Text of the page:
Center for Biological Diversity


Protecting Bay Area Species from Pesticides


Harper's August 25, 2006 - Are Weed-Killers Turning Frogs Into Hermaphrodites? The inside story of the shameful history of Atrazine, Syngenta and the EPA

L. A. Times August 25, 2006 - EPA's Pesticide Streamlining Rejected

Greenwire Jan. 16, 2004 - Endangered Species Task Force Influence Over EPA Policy Making; Violates Law, Enviros Say

Seattle Post-Intelligencer Jan. 16, 2004 - Groups sue EPA over pesticide policy

The Oregonian Jan. 18, 2004 - Pesticide-makers power questioned

Austin American-Statesman Jan. 27, 2004 - In lawsuit, SOS says EPA ducks its duties

The Houston Chronicle Jan. 27, 2004 - Environmentalists sue to force Barton Springs study

Pesticide & Toxic Chemical News April 26, 2004 - Proposed counterpart rules illegal, enviromentalists charge

More Media Articles...

Poisoning Our Imperiled Wildlife: San Francisco Bay Area Endangered Species at Risk from Pesticides

Pesticide Threats to Endangered Species: Case Studies


Areas of atrazine and diazinon application near endangered species habitat in California

Pesticide applications detrimental to the California red-legged frog

Pesticide applications detrimental to the California tiger salamander

Pesticide applications detrimental to the San Joaquin kit fox

Glyphosate use in Central Valley steelhead trout habitat

Molinate use in Central Valley steelhead trout habitat

more maps of pesticide use in California salmon and steelhead trout habitat, Courtesy of Californians for Alternatives to Toxics


American Bird Conservancy

Beyond Pesticides

Californians for Alternatives to Toxics

Cascade Resources Advocacy Group

Collaborative on Health and the Environment

Defenders of Wildlife


Northwest Coalition for Alternatives to Pesticides

Pesticide Action Network North American

Rachel Carson Council

Save Our Springs Alliance

Washington Toxics Coalition

Avian Incident Monitoring System - American Bird Conservancy and EPA data and programs dedicated to improving identification, investigation, and laboratory analysis of pesticide poisoned birds

Birds in Agricultural Areas Database - American Bird Conservancy, George Mason University and EPA database identifying which bird species in North America utilize agricultural fields

PAN Pesticides Database – search by chemical or product for toxicity and regulatory information for pesticides

U.C. Davis ExToxNet – search by chemical or product for science-based information about pesticides

USGS Patuxent Wildlife Research Center Pesticides Database – search by species or state for information on causes of decline for federally listed species


Although much has been learned since 1962 when Rachel Carson wrote Silent Spring, alerting the nation to the hazards of poisonous chemicals, current pesticide use still poses major threats to imperiled wildlife and human health. Annual pesticide use has continuously increased since 1962, both in pounds applied and the number of registered active ingredients. The Environmental Protection Agency (EPA) has registered for use more than 18,000 pesticides and over two billion pounds of pesticides are currently sold in the U. S. each year for agricultural, commercial, and home uses. Pesticides have been shown to be pervasive in fish and wildlife habitat throughout the country, threatening the survival and recovery of numerous imperiled species. Over 375 species listed as endangered or threatened under the Endangered Species Act may be killed or harmed by pesticides. Pesticides have been linked to declines of western amphibians and Pacific salmon, threaten sea turtles in Chesapeake Bay, and continue to kill bald eagles nationwide.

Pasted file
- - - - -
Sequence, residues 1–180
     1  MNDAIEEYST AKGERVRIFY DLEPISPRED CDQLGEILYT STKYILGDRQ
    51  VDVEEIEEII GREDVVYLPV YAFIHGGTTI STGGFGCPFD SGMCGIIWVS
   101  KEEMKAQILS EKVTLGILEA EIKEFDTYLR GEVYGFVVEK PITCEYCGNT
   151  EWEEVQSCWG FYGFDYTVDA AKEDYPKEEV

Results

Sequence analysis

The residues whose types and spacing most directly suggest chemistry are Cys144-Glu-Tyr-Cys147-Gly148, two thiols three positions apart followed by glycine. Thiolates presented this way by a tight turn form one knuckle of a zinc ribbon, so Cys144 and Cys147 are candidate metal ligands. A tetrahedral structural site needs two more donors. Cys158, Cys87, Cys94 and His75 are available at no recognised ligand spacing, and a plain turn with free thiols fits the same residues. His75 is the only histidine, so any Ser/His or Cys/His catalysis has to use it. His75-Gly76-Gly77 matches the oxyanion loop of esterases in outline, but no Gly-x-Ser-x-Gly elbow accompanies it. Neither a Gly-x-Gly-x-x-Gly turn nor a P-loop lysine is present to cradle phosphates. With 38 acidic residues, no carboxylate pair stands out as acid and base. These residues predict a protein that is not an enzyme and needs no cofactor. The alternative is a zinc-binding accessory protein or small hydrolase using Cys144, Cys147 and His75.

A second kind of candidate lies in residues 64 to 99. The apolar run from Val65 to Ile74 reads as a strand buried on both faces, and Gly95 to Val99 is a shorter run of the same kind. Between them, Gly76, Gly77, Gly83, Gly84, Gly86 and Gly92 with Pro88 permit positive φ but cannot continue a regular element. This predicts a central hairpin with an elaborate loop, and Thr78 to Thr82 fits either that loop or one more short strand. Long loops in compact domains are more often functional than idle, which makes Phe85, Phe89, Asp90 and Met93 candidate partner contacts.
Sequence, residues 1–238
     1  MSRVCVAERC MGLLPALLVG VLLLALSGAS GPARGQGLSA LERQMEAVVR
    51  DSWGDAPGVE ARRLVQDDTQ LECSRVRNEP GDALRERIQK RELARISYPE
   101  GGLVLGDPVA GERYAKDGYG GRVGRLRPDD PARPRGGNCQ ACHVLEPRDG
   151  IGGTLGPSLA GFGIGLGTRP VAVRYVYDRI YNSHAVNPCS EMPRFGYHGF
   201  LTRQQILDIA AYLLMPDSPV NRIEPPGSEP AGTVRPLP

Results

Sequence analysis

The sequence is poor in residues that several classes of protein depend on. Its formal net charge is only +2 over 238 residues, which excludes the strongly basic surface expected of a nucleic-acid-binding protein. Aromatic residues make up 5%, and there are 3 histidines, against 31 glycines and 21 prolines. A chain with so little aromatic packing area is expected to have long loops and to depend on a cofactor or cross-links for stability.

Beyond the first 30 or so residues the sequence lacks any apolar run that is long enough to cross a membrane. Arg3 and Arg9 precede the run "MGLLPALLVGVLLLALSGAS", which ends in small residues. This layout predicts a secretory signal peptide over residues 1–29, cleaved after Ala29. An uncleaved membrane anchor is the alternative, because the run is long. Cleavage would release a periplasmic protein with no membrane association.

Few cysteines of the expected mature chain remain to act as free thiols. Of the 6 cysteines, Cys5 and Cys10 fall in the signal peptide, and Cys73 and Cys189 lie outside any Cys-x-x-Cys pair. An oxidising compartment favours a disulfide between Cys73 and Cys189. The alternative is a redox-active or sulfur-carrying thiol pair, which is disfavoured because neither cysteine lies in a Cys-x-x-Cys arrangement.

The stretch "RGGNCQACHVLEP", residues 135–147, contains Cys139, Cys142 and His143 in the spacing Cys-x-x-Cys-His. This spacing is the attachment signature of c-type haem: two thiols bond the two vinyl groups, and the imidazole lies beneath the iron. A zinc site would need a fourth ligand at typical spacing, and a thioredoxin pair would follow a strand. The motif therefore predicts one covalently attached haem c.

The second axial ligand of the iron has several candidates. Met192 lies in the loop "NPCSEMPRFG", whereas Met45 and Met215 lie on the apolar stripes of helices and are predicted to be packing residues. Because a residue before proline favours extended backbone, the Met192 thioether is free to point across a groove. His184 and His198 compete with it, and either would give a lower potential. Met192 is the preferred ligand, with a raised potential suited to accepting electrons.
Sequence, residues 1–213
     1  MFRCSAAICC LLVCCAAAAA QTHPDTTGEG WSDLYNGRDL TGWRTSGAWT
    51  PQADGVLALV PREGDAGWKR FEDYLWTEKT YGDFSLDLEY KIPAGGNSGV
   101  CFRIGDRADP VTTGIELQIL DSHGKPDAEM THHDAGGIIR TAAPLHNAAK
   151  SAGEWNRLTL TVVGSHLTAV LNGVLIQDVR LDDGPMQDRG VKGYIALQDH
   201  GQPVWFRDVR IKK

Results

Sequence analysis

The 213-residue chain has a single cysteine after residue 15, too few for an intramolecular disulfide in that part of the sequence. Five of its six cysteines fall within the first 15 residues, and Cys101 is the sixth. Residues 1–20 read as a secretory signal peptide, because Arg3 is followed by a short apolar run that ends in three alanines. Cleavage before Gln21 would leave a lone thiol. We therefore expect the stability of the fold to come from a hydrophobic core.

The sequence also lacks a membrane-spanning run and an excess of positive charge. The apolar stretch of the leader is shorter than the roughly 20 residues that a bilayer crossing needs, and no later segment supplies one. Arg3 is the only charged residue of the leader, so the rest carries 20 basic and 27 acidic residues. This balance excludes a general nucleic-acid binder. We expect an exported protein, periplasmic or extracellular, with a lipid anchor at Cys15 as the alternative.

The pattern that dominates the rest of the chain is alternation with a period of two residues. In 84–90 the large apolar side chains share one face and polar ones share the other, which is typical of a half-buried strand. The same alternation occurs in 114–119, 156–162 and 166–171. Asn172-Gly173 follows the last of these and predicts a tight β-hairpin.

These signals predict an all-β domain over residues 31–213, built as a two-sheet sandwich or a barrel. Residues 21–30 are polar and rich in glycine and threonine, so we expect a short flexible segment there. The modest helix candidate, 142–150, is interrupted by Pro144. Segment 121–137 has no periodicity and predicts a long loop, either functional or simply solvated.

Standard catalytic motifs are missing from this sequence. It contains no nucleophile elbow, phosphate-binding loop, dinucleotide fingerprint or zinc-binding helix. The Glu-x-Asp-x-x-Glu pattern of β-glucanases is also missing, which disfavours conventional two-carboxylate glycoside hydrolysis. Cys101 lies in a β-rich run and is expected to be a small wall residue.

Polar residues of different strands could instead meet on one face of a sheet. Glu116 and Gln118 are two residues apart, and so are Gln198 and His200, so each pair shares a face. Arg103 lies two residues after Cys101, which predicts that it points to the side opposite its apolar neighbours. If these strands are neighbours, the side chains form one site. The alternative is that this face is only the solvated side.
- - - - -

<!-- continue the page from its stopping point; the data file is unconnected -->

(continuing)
The Center’s Pesticides Campaign is intended to hold the EPA accountable for pesticides it registers for public use, and to cancel or restrict use of harmful pesticides within endangered species habitats. The Pesticides Campaign provides analysis of pesticide impacts on endangered species and education about the threats pesticides pose to wildlife and human health. A key component of this campaign is the Center’s 2004 report detailing the failure of the EPA to regulate pesticides harmful to endangered species (see press release). In February 2006 the Center published a report on the risk toxic pesticides pose to endangered species in the San Francisco Bay Area.

Formal consultation with the Fish and Wildlife Service and NOAA Fisheries under Section 7 of the Endangered Species Act is the most effective means to cancel or constrain use of harmful pesticides registered by the EPA. Consultation ensures that the EPA will benefit from agency expertise and receive comprehensive scientific information regarding locations, population trends, and threats to the survival of imperiled species. Consultation is designed to protect endangered wildlife by ensuring the EPA’s pesticide registrations do not jeopardize endangered species, but it also benefits public health by forcing the EPA to thoroughly assess the harmful effects of pesticides. Unfortunately, the EPA has failed to complete a single consultation since 1993.